Brandenburg Tor on Pariser Platz in Berlin, Germany

Brandenberg Tor

Brandenburg Gate (or Brandenburg Tor) in Berlin, Germany

Berlin is a place with a challenging history. Located in Germany‘s eastern side, the city of Berlin was part of the state of East Germany for decades before the Berlin Wall fell. Berlin itself was a divided city: half in the East and half in the West. Families divided right down the middle. Lives, jobs, families, loyalties – it didn’t matter. East stayed in the East, and the West in the West. (In the end of course, it was better luck to be living in West Berlin.) But that all changed November 9th, 1989 (still scarily recent…) – the day the Berlin Wall fell. Citizens on both sides reportedly climbed atop the Wall in celebration. The Brandenburg Tor is possibly the most iconic monument in Berlin. Built in the 18th century by Prussian King Frederick William II, the Neoclassical style, topped with bronze statue of noble horses, was chosen for this ‘victory’ gate. The Brandenburg Tor stands on Pariser Platz – the same place as the old city gate that once marked the entrance to Brandenburg an der Havel town, ancient capital of the pre-Germany state of Brandenburg. Used by the Prussians, the Nazis and the East Germans as a symbol of the city’s power, the Brandenburg Gate was partially destroyed in WWII. On August 13th, 1961, the structure became part of the Berlin Wall, and its original use as a gate was re-instated (one of eight points for crossing the Wall). Nearly impossible to traverse by East Germans, the gate remained a symbol of power – but in a negative sense, sparking protests, demonstrations and eventually celebrations the day the wall fell. Today, it reminds Berliners and visitors alike of the power of standing together.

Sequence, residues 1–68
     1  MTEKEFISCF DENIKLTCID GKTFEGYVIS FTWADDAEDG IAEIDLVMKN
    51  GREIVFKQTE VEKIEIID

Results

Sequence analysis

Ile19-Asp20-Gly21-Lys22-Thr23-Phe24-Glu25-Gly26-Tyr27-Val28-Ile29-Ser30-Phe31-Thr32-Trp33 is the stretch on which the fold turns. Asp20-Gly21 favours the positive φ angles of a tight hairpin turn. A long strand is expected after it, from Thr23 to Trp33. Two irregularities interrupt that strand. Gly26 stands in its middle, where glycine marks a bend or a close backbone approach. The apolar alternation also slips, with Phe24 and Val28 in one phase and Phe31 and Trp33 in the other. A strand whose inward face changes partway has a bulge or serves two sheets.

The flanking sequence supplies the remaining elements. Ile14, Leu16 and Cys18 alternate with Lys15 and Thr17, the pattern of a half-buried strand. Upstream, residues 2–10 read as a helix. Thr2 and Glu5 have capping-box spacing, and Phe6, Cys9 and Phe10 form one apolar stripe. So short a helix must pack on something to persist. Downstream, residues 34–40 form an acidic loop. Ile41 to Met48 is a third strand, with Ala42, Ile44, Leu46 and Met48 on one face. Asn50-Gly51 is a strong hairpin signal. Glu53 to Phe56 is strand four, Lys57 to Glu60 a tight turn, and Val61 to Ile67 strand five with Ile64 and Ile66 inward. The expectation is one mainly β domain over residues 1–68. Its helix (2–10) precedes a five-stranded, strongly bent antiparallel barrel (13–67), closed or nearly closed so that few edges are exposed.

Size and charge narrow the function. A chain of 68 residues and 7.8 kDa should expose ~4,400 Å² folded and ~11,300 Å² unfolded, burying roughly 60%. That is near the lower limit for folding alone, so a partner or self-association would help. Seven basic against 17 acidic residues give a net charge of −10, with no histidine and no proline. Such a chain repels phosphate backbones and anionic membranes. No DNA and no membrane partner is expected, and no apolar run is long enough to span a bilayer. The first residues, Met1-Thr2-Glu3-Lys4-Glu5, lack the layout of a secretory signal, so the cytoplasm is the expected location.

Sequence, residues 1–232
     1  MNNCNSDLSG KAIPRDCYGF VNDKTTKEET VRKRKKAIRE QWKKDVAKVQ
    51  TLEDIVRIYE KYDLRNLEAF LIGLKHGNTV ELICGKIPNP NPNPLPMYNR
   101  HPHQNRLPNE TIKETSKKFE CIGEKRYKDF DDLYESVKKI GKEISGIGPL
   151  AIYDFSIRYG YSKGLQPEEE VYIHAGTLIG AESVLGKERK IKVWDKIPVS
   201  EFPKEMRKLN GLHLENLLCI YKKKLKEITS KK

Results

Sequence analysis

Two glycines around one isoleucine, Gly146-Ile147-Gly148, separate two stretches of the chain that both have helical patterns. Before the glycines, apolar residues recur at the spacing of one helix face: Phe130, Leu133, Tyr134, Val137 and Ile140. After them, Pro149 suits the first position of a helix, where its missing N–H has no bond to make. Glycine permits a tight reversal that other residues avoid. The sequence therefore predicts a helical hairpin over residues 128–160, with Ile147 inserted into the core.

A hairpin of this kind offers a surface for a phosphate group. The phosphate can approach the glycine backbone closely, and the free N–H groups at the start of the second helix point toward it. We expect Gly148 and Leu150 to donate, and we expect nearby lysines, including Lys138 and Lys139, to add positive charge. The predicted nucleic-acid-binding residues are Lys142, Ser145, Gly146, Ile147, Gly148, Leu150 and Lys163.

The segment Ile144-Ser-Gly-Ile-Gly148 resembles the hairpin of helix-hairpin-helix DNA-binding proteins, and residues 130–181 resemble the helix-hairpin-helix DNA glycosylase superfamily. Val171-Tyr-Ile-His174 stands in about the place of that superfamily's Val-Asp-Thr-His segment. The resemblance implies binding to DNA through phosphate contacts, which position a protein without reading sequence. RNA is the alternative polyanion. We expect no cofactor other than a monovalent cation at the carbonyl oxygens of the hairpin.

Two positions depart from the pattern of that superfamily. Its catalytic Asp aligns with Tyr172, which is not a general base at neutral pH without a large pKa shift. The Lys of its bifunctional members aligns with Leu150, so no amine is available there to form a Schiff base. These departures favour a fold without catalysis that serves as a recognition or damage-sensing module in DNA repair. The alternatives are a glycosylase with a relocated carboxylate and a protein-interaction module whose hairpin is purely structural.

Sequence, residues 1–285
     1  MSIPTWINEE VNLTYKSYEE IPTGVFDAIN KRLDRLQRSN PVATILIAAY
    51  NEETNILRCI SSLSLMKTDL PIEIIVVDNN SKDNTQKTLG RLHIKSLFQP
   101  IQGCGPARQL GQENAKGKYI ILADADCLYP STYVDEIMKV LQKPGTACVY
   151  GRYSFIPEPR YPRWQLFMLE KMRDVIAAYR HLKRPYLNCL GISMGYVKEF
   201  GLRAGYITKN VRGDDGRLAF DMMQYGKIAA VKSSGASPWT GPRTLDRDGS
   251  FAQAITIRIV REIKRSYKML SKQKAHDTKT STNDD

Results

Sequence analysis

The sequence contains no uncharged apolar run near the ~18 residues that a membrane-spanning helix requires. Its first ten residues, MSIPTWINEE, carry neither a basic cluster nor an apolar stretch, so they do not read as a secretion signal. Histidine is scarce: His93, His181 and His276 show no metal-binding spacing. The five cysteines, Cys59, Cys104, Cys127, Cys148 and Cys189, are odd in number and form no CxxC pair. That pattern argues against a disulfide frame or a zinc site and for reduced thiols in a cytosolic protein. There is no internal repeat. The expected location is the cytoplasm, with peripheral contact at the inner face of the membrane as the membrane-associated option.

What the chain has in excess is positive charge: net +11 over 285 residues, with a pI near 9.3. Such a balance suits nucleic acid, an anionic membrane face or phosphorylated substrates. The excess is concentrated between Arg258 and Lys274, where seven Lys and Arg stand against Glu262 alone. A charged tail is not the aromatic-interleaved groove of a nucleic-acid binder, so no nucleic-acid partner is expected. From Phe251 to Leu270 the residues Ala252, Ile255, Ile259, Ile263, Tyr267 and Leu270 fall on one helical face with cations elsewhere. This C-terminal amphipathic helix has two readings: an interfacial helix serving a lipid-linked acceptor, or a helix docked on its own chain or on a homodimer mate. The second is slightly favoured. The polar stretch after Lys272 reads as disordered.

Other Sites to See in Germany
  1. Neuschwanstein Castle
  2. Munich historic city centre 
  3. Hohenzollern Castle
  4. Stuttgart palaces
  5. Dresden
  6. Berlin’s Holocaust Memorial
  7. Hohenschwangau Castle
  8. Heidelberg & Castle